Editor’s Note: Rafael Loss is an expert on European security and defense policy at the European Council on Foreign Relations. He is based in Berlin. The views expressed in this commentary are his own. View more opinion on CNN.
In the week since Russian missiles began raining down on Ukraine, Germany has upturned its decadeslong military-light foreign policy, heralding a dramatic shift in the complexion of modern Europe.
“Putin’s war” represented nothing less than a “Zeitenwende” – a change of times – for Germany and Europe, German chancellor Olaf Scholz told a special session of the Bundestag Sunday.
In a country where “many of us still remember our parents’ or grandparents’ tales of war,” Scholz said the “terrible images” coming out of cities across Ukraine “affect us all very deeply.”
At the same time, tens of thousands of Germans gathered near the Brandenburg Gate at the weekend to condemn the Kremlin’s act of aggression, one of many such protests across the globe.
And so, after weeks of widespread criticism of his government’s timid response to Russian aggression, Scholz announced what amounted to a complete overhaul of Germany’s foreign, security and defense policy; supplying weapons to Ukraine and pumping billions of dollars into its own armed forces in the coming years.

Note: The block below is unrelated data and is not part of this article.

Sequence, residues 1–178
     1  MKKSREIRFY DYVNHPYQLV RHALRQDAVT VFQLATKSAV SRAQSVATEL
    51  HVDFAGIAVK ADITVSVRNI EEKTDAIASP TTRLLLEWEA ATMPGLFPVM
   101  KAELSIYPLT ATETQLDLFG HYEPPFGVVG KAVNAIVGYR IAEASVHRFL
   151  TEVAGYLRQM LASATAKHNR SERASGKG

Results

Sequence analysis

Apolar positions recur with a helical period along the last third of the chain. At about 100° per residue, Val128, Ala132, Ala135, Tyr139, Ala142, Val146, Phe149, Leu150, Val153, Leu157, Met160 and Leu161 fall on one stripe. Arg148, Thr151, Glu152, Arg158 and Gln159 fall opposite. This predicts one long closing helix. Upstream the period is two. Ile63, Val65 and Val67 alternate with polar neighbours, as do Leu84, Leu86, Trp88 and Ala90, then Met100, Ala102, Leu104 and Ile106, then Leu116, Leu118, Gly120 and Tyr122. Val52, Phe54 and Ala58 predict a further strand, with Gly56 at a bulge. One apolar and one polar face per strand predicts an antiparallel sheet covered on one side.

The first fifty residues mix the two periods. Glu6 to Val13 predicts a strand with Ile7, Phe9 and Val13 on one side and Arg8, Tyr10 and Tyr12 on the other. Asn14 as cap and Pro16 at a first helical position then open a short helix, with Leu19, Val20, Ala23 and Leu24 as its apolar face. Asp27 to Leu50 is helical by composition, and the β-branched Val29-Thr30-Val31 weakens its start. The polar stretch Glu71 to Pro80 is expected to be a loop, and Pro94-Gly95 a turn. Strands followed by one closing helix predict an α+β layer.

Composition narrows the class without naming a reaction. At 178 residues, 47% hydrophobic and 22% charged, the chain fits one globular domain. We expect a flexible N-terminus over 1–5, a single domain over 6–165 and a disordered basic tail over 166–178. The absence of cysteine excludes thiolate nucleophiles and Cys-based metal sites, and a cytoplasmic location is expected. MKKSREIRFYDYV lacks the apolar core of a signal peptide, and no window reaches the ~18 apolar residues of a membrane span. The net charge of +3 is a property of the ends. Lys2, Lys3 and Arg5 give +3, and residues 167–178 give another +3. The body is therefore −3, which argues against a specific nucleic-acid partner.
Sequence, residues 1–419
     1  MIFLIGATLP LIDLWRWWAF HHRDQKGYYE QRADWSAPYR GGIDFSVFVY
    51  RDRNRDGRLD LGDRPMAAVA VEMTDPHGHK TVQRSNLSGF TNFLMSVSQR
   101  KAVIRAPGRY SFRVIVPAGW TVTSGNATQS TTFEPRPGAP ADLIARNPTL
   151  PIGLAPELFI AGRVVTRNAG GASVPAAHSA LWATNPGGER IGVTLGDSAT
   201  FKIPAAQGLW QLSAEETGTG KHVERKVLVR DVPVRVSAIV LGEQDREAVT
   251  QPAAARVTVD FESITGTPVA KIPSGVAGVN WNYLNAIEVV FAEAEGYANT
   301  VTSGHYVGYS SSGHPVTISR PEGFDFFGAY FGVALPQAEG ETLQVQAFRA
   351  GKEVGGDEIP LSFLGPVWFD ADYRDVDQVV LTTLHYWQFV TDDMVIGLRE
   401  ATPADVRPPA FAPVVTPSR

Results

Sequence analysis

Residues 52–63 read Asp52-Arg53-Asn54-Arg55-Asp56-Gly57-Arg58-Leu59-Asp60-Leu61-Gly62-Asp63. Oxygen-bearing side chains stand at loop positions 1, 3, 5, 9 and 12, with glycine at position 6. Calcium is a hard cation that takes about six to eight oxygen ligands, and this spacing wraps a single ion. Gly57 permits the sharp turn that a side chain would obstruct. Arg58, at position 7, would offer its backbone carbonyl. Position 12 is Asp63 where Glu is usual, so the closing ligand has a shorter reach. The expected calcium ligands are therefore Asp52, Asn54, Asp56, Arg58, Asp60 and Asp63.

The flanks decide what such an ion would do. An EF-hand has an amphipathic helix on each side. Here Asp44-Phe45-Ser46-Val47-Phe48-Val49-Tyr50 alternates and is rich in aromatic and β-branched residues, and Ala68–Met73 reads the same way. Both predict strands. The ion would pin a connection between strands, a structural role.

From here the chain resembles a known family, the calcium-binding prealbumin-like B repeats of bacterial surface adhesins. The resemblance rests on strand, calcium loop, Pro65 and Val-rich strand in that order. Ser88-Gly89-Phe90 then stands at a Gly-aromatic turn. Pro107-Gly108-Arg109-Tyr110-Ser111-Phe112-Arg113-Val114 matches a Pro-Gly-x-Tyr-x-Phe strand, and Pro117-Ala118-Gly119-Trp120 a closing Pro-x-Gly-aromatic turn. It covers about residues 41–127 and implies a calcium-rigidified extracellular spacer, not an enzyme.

Better late than never. Germany, which is the European Union’s biggest economy and arguably most powerful member state, had until recently been a step behind its European allies on Russia’s gradual buildup of troops along the border of Ukraine, dragging its heels on Nord Stream 2, SWIFT and arms transfers to Ukraine.
Some policymakers had already seen the end of the post-Cold War era arrive when Russia first sent troops into Ukraine in 2014 to annex Crimea and occupy parts of the Donbas region.
Still, the German government went ahead and greenlit the construction of the Nord Stream 2 gas pipeline from Russia in 2015. And leaders from both former chancellor Angela Merkel’s Christian Democratic party and Scholz’s Social Democrats defended the project against mounting domestic and international criticism over the years.
Last week, Germany’s narrative on Russia started to shift. After Russia formally recognized the occupied regions in eastern Ukraine as independent, Scholz announced a halt to the pipeline’s certification process and a review of Germany’s energy security guidelines.
Then Saturday, after more of Germany’s European partners began transferring weapons and other military supplies to Ukraine, Scholz announced Germany now, too, would send 1,000 anti-tank and 500 anti-a